That’s me and the little man, Harrison playing in the Embassy Suites in San Diego a few weeks ago when the whole family went to San Diego Zoo, Sea World and Wild Animal Park. Harrison is obsessed with remote controls (gee, I wonder where he gets that from) and shortly after that scene he was playing with the remote in the room and he inadvertently turned on the Hotel’s in-room video service. Well, lo and behold if they didn’t have the pilot episode of Lone Star available for FREE! Needless to say, it was a professional imperative that I watch it so I could let all the good folks out there know ahead of time if it’s worth their time. So let the games begin.
Dallas, Part Deux?
First, let me preface this by saying that when I first heard about Lone Star while preparing the forthcoming Fall Preview (coming soon), let’s just say that I was beyond skeptical. The descriptions I saw on various entertainment sites were bland and really made it sound like to was a 2010 version of Dallas using key-phrases such as “Texas,” “oil” and “soap opera.” I can’t imagine at all why someone would come to the conclusion that this show is Dallas: The Next Generation. Speaking of which:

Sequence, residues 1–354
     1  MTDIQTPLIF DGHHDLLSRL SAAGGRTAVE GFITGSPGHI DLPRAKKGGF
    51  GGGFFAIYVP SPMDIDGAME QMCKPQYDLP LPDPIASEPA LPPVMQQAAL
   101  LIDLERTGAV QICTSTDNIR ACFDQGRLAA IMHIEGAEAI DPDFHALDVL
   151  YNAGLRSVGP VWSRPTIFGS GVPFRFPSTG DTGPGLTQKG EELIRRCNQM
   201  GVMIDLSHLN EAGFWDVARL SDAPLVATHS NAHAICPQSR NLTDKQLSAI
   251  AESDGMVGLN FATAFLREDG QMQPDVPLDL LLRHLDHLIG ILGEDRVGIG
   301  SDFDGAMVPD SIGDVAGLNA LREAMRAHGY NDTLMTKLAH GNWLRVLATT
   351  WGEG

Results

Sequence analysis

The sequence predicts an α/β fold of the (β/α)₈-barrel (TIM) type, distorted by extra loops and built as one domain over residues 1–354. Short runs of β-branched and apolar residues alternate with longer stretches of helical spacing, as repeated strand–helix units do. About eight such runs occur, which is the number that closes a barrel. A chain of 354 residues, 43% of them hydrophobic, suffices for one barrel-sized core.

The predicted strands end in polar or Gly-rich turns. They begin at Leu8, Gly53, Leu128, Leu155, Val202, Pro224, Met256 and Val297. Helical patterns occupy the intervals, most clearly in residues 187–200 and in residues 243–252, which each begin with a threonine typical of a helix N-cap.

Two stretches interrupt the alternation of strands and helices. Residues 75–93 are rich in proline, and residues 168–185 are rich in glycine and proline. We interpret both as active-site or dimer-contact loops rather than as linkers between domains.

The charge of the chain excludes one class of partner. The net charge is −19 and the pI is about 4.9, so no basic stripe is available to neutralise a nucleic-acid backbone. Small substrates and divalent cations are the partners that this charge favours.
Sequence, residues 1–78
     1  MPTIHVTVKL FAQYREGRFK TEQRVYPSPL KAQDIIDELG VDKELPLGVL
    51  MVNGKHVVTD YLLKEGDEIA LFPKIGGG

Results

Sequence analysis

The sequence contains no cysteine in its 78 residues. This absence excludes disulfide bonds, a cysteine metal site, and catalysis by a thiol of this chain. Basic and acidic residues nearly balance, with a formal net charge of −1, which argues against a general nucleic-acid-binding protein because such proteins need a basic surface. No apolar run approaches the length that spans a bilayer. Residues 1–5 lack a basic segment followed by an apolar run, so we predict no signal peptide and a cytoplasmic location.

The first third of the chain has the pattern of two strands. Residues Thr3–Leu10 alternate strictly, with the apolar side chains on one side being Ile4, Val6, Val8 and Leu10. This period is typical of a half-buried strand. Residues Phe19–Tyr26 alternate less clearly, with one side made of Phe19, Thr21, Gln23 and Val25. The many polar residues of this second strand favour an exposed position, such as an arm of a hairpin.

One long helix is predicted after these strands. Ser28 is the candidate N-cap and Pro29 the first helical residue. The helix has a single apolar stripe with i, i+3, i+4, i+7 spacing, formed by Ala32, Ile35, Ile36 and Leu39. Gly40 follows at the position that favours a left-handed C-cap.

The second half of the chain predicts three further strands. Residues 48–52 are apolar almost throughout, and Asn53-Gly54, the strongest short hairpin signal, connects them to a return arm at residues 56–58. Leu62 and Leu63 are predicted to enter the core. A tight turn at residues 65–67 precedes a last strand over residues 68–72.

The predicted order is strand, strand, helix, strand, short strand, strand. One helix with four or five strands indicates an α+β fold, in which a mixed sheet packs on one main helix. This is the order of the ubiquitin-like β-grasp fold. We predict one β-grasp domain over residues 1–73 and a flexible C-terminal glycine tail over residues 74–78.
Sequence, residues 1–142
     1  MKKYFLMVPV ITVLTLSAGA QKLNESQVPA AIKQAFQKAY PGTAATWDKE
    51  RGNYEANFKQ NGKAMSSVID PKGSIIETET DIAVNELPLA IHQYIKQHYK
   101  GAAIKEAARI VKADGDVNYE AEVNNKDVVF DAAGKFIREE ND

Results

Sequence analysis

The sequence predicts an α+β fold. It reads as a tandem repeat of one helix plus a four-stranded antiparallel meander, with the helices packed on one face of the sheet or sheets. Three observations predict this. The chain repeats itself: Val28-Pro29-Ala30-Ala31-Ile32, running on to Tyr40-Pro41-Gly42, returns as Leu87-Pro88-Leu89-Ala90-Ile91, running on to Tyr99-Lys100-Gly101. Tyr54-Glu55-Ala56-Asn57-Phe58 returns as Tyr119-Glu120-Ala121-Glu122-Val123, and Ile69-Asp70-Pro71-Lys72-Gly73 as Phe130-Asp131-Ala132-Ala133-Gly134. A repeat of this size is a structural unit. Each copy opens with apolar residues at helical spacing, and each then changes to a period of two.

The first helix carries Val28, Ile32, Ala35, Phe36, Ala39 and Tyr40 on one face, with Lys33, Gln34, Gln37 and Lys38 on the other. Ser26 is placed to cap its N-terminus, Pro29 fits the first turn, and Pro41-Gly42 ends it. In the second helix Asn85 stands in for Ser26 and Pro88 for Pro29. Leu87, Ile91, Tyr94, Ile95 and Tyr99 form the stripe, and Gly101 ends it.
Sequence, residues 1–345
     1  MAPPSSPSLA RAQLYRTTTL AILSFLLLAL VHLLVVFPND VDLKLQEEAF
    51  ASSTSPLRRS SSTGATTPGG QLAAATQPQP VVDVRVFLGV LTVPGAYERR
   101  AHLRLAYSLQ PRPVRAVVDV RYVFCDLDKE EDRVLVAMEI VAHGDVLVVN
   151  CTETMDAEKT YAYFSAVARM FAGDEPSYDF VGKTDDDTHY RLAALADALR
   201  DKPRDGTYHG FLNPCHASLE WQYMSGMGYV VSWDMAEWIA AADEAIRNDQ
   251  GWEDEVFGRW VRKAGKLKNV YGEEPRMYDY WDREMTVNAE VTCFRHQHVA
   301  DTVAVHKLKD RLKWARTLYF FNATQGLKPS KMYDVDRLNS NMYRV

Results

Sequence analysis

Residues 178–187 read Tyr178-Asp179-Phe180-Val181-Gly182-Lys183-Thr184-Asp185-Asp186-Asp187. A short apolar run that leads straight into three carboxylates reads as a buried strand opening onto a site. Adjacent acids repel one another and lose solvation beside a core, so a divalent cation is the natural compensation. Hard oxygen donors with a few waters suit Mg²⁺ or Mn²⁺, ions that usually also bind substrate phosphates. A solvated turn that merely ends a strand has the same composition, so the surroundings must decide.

(^^^You’re welcome, by the way.)
After watching the pilot, though, I can say that I was not only pleasantly surprised, but also a little annoyed at the marketing for this show amongst the various media outlets and even by FOX itself. Yes, it’s in Texas, yes it revolves around a family oil company and yes it’s definitely a soap, but there is so much more to this show than this, and unfortunately, it may be its downfall.
I want to apologize for the incredibly long synopsis from the Official Lone Star Page but there really was no way to avoid it. I tried to figure out how I could pare it down and realized that the show has so much going on it that I really couldn’t. Sorry… blame FOX.